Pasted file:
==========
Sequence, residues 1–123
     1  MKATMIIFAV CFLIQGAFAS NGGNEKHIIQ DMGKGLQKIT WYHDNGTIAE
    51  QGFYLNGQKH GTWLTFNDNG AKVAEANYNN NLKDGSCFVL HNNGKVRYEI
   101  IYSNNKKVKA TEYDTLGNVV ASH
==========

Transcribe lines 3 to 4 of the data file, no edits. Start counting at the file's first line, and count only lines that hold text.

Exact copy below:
    51  QGFYLNGQKH GTWLTFNDNG AKVAEANYNN NLKDGSCFVL HNNGKVRYEI
   101  IYSNNKKVKA TEYDTLGNVV ASH